Why Do Some Golfers Add Lead Tape to Clubs and What Is the Effect?

Plus, Is Adding Lead Tape Legal Under the Rules? Is It Safe to Handle?

roll of lead tape
Courtesy of Amazon.com

One of my earliest encounters with golf technology—beyond just owning and using standard golf clubs—was the time a childhood friend added strips of lead tape to the clubhead of his driver. I didn't understand what the purpose was, technically speaking, but I knew my friend was chasing after the right heft, the right feel.

Lead is a very heavy metal, and when made into a tape (sometimes called "lead foil" or "lead foil tape") it can be affixed to a golf clubhead, adding weight.

But what's the point of adding lead tape to golf clubs? To find out why clubfitters and some golfers use lead tape, we asked golf equipment guru Tom Wishon, owner of Tom Wishon Golf Technology.

"There are two reasons golfers add lead tape to their clubheads," Wishon said. "One reason is a good one, and works; the other reason is a myth and does not work."

Lead Tape to Change the CG Position Does Not Work

We'll start with the myth about lead tape, quoting Wishon:

"Adding lead tape in an effort to change the center of gravity of the head (to make the ball fly higher, lower, more to the right or left) simply will not work. The CG has to be moved at least a quarter-inch for the golfer to notice a flight change in the ball with the same clubhead. To move the CG by a quarter-inch requires no less than the addition of 10 4-inch-long strips of half-inch wide lead tape, all placed in the same area of the head toward which the CG movement is desired."

Lead Tape to Change the Swingweight Does Work

But there is another reason for using lead tape on a golf club, and this one is legit: changing the swingweight. Adding lead tape will increase the swingweight of a golf club, increasing the feel of more weight or "heft" during the swing.

"For that purpose, one 4-inch-long strip of half-inch wide lead tape will increase the swingweight of any club by one point, as in from D0 to D1," Wishon explained. "Most golfers will detect a difference in the headweight feel of a club when the swingweight is increased by two or three swingweight points, but only the most sensitive feel players will ever note the difference of one swingweight point."

So when does it make sense to experiment with adding lead tape to a golf clubhead?

"If you sense that you can't feel the presence of the clubhead in the swing, if you feel that you fight being 'too quick' with your swing, of if you are experiencing a fairly high incidence of shots hit off the heel of the face, adding lead tape to increase the swingweight very well could help improve the problem," Wishon said.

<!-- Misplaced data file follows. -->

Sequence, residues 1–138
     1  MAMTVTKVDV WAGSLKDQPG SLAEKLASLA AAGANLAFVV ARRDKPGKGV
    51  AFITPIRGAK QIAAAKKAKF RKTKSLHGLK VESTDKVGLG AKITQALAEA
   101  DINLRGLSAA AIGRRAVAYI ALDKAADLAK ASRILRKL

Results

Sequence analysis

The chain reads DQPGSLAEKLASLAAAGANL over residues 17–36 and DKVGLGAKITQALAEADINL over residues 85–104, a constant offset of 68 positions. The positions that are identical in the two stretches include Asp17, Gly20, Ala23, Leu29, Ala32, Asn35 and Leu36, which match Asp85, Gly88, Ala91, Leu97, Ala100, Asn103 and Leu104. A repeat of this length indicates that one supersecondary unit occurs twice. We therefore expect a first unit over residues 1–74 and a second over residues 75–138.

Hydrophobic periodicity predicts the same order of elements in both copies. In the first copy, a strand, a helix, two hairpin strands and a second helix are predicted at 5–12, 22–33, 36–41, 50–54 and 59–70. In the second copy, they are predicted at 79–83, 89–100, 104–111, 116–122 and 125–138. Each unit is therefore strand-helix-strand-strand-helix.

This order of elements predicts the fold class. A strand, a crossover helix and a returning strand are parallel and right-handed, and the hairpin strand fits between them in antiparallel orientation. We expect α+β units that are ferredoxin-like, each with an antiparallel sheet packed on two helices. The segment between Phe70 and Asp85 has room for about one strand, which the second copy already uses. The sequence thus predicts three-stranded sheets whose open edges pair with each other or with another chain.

If you don't want to experiment with lead tape on your own, visit a clubfitter.

Is Lead Tape Allowed Under the Rules?

Golfers cannot alter the playing characteristics of a golf club during a round, and even outside of a round doing so risks rendering a club non-conforming. So are golfers who add lead tape to one or more of their clubheads running afoul of the Rules of Golf?

The governing bodies specifically allow the use of lead tape that is attached prior to the beginning of a round in Decision 4-1/4. Meanwhile, Decision 4-2/0.5 addresses what happens if lead tape becomes detached during the course of play:

"Q. With regard to Decision 4-1/4, may a player remove, add or alter lead tape during a round?
"A. No. However, lead tape that becomes detached from the club in the normal course of play may be placed back onto the club in the same location. If the lead tape will not remain on the club in the same location, new tape may be used. Every effort should be made to restore the club, as nearly as possible, to its previous condition. Alternatively, the club may be used in its damaged state (without the lead tape) for the remainder of the round (Rule 4-3a).
"If the tape is altered or damaged other than in the normal course of play, the club may not be used for the remainder of the round, under penalty of disqualification (see Rules 4-2a and 4-3)."

Is Lead Tape Safe?

Before you tear into a new roll of lead tape, be sure to read the packaging or any included instructions, and look for any statements about precautions for its use.

Remember: The metal lead is a neurotoxin. Lead poisoning is a real and very harmful thing. But before you freak out, consider that the website tennis.com (tennis players sometimes use lead tape on their racquets) looked into the question of lead tape safety and concluded "that the chances of getting lead poisoning from lead tape are slim to none."

Still, the experts who tennis.com gear editor Bill Gray consulted for that piece did urge those working with lead tape to pull it off and cut it away from one's face; not to store it in one's golf bag or where it might come in contact with one's golf towel; to consider wearing latex gloves when working with it; and, by all means, keep it away from children.

And again, be sure to read and follow any recommendations offered by the manufacturer.